SFTP with Installatron and Bitvise

Setting up an SFTP server backup with Installatron and Bitvise

I would like to point out that since a few months back I am not using this solution. That does not mean it is flawed or not working. This tutorial should still be relevant, albeit unsupported.

Primarily for webmasters with no other “easy” backup options and concerned about used space on the Webhost, this document is intended for personal and non-profit sites but adding a purchased Bitvise license is of course possible for anyone.

Most of us know that Installatron comes with some backup functionality and many would probably look in to that for an easy way to backup and restore sites and databases. However, for larger sites with GB’s of data this may not be a long term viable solution since the backup on premises eats up space on the host.

Other solutions like FTP, FTP/S or WebDAV may not be advisable for security concerns.

I spent some time looking in to different solutions for a long term viable backup and restore solution. Since none of my sites are normally updated minute-by-minute but at the most daily, if even that, the templates available for daily-weekly-monthly backups in Installatron are enough. Hourly is not a default option from what I see in my Installatron.

The key aspect was backup location. I have computers, I have space, and I can setup a target server. However, I would not setup a FTP or FTP/S due to security concerns so I have been looking at “easy” solutions to setup an SFTP Server in Windows.

In theory one can setup a SFTP using IIS – and there are guides for it using OpenSSH certification – but that is. in my opinion, a bit of a greater hassle so I looked for something else. A clean SFTP server software, cheap if not free. After some tests and tribulations I ended up with Bitvise. Please note that SFTP is encrypted and a SSH protocol, considered safe if updated and properly maintained.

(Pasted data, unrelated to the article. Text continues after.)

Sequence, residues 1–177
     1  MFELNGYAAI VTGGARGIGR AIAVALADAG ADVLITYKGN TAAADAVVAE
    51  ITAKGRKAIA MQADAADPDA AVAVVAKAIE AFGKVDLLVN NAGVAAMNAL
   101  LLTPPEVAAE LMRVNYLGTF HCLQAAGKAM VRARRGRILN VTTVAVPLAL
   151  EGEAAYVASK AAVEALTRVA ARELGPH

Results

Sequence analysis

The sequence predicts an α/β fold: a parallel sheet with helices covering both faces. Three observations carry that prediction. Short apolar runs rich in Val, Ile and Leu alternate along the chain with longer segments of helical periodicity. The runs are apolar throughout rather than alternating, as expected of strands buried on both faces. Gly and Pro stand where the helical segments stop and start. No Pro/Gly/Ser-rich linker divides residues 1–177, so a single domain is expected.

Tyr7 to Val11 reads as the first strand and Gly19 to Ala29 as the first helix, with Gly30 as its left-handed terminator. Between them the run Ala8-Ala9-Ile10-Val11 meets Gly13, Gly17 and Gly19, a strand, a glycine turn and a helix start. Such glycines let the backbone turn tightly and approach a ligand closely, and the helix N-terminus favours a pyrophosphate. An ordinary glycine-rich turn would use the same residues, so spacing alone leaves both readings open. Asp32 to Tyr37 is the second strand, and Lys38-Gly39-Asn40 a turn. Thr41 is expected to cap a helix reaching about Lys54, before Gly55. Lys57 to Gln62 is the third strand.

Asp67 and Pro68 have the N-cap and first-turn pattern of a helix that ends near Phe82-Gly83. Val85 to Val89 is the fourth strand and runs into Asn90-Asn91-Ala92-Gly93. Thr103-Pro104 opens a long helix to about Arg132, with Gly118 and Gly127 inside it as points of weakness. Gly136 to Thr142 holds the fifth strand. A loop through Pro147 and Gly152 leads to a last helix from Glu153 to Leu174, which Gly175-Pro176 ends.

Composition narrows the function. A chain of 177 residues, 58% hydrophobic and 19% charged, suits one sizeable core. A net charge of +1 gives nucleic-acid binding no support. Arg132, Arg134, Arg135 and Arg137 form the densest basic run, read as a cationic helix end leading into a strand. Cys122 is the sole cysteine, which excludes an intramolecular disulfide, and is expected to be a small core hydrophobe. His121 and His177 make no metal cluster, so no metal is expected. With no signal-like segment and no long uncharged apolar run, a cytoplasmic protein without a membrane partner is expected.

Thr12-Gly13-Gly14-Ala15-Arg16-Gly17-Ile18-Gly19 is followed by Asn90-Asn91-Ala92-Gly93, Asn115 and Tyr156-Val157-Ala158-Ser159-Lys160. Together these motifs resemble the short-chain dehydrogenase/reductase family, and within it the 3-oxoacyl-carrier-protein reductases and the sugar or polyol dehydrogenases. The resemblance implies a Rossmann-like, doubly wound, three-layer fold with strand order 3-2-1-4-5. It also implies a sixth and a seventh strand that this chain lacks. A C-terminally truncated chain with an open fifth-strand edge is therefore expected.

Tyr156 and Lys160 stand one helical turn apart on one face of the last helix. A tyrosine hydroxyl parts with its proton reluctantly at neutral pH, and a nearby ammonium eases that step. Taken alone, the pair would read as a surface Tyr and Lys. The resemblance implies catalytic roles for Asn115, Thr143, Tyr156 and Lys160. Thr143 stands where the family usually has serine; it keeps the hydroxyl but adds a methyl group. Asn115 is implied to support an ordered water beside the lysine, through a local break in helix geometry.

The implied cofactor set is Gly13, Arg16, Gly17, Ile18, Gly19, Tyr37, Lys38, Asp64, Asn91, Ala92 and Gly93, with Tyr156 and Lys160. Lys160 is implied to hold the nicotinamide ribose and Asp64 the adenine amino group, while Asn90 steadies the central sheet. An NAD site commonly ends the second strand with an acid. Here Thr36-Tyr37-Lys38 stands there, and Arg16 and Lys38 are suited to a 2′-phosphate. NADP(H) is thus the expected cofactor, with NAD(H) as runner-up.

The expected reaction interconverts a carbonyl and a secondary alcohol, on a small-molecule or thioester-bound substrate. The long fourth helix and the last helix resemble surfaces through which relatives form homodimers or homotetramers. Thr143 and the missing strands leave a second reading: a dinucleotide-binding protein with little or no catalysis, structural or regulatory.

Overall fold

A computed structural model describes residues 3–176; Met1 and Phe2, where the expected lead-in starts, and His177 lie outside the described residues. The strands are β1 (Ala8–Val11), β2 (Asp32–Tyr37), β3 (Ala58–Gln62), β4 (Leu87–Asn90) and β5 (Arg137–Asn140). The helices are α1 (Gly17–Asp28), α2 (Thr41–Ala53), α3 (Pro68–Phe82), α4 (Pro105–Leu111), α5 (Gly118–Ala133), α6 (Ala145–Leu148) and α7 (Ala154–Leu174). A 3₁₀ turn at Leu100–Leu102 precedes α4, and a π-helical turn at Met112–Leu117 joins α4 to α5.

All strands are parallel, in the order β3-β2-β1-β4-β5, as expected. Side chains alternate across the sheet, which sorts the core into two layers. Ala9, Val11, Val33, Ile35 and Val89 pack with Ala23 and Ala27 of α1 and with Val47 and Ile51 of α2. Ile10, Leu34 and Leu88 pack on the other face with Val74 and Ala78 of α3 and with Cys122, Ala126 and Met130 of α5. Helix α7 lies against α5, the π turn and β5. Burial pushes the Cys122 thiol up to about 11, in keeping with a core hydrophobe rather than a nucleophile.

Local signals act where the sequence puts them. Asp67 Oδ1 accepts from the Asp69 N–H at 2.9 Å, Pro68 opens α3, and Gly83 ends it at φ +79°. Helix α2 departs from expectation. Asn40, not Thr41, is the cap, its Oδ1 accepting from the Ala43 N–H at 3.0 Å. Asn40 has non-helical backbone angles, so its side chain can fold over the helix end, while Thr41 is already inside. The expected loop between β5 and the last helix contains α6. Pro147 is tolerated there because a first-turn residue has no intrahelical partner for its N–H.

FTP or FTP/S is NOT safe. Ref: https://en.wikipedia.org/wiki/SSH_File_Transfer_Protocol .

For this I am using a Windows Server (overkill) and reviewing some customizations to Windows Firewall and Ransomware Protection functionality. You can run this virtually or directly on hardware, doesn’t matter, I run it directly on an older HPE server. You need to setup Port forwarding on your Router and for this I am NOT using the default SFTP Port 22, but something else, let’s say 33391. Any number here, that do not collide with other network resources, is applicable. Port Forward is done in different ways depending on what Router brand (or other relevant network equipment) is used by you. Check how to do it in relevant equipment manual or on www.portforward.com that has many tutorials for this.

Once the PortForward is done, you have an open network path to your Bitvise installation on Windows on your physical or virtual computer. Test it, make sure the connection is open. If you haven’t installed Bitvise already, get it from https://www.bitvise.com/ssh-server and go forward with its installation.

Dynamic IP address – a few words on a potential showstopper

If you have a dynamic IP address to your local network, you may have to setup a DNS Forwarding to your external Internet IP address as well. This may entail using a software to communicate with a server to translate your dynamic IP to a fixed DNS address. There are many services for this and also some additional links and tutorials on www.portforward.com and you can get this functionality for free for one host lookup at many providers.

Setting up Bitvise

So now you may wonder about the Bitvise licensing cost. Well, it is – as I write this – free for personal use with some limitations as stated here: https://www.bitvise.com/ssh-server-usage-faq#personal-edition  and that would cover most of what you need for personal and non-profit sites.  Having said that it is not expensive at 95$ / yearly for basic commercial usage.

Once you installed Bitvise you may want to look at creating and configuring a few things:

Check the Bitvise Activity log often and learn how to read it, seriously, it will help!

Windows Firewall